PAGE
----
Preview Let Something Good Be Said: Speeches and Writings of Frances E. Willard (University of Illinois Press, 2007). Highlights from this collection include Willard's first presidential address before WCTU members (1880), articles from the WCTU's newsletter (1881-1883), and her address before the National Council of Women (1891).
Willard is featured in the National Statuary Hall Collection.

1879 Patent model of Margaret Knight's machine for making paper bags, 1879 is featured in Legacies [Smithsonian Institution]

1879 Mary Baker Eddy founds the First Church of Christ Scientist.
The Mary Baker Eddy Library for the Betterment of Humanity offers a collection of photographs, early family letters, and an overview of revisions to Eddy's major work, Science and Health.
Preview Gillian Gill's biography, Mary Baker Eddy (Da Capo Press, 1999).



See also: Newspapers

Emergence of Advertising in America: 1850-1920 [online]. [Durham, NC]: Digital Scriptorium, Rare Book, Manuscript, and Special Collections Library, Duke University, 2000 [cited 12 March 2001]. Available from:

Advice Literature

Peterson, Kelsy. The Glory of Woman: Prescriptive Literature in the Sallie Bingham Center for Women's History and Culture [online]. Durham, NC: Sallie Bingham Center for Women's History and Culture, Duke University, 2003 [cited 21 November 2005]. Available from:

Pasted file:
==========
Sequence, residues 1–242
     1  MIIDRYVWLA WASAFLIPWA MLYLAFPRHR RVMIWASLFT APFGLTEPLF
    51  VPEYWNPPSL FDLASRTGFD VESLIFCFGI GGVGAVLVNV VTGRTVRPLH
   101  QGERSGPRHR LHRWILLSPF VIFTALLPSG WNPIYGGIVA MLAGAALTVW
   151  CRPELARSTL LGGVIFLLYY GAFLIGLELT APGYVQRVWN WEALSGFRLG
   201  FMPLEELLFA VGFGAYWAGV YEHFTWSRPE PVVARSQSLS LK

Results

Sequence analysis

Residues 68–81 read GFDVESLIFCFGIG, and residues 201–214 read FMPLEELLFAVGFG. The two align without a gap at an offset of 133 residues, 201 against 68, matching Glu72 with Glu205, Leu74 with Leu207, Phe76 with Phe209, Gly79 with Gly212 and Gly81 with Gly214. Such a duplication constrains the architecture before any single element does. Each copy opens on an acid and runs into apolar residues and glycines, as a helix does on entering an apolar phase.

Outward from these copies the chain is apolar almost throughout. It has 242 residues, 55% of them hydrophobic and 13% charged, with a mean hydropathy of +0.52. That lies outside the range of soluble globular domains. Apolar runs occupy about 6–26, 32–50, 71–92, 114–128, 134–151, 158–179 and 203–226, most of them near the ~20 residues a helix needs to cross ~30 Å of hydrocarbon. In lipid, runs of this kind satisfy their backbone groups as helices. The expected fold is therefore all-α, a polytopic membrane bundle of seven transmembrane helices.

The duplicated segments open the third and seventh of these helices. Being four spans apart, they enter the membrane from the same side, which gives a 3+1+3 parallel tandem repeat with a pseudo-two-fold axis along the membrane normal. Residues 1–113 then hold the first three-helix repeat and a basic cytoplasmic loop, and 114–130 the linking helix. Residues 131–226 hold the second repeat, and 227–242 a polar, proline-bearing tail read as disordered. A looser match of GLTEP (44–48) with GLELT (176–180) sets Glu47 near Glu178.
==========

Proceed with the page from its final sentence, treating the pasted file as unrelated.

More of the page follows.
Researchers can browse this extensive, annotated bibliography by date.

Women Working, 1800-1930 [online]. Cambridge, MA: Harvard University Library Open Collections Program, 2004- [cited 21 November 2005]. Available from:
Select "Browse the Collection," then "Conduct of Life" to retrieve digital editions of books published from 1800 to 1930. Results display in reverse chronological order.

Artifacts The following digital collections group images of clothing by time period.

Bissonnette, Anne. Bissonnette on Costume: A Visual Dictionary of Fashion [online]. c1999. Available from: Select "Time Search."

Wisconsin Historical Museum Children's Clothing Collection [online]. Madison: Wisconsin Historical Society, updated 26 June 2001 [cited 10 December 2001]. Available from:

Print sources for the history of clothing/fashion during this period include:

Severa, Joan L. Dressed for the Photographer: Ordinary Americans and Fashion, 1840-1900. Kent, Ohio: Kent State University Press, c1995.

Browse the Quilt Index by time period (e.g., "1850-1875").

First-Person Accounts

Emma Spaulding Bryant Letters: An Online Archival Collection [online]. Durham, N.C.: Duke University Libraries. Available from:

American Women's Letters and Diaries: A Bibliography lists WorldCat records for books that include first-hand accounts written by women during this time period.

Historical Statistics

Historical Census Browser
Researchers can examine state and county topics for individual census years and over time, as well as generate maps of selected data.


Newspapers section of American Women's History: A Research Guide for additional information sources.

Brooklyn Daily Eagle Online (1841-1902) [online]. Brooklyn: Brooklyn Public Library, 2004 [cited 22 November 2005]. Available from:

Utah Digital Newspapers [online]. Salt Lake City: Marriott Library, University of Utah, 2002 [cited 12 February 2003]. Available from:

Explore Further

The database America: History & Life offers a simple option for limiting a search for articles and other sources to a specific time period. See America: History & Life: Searching by Time Period for an example using another time period.

American Women Through Time

Ken Middleton
Middle Tennessee State Univ. Library
Murfreesboro, TN 37132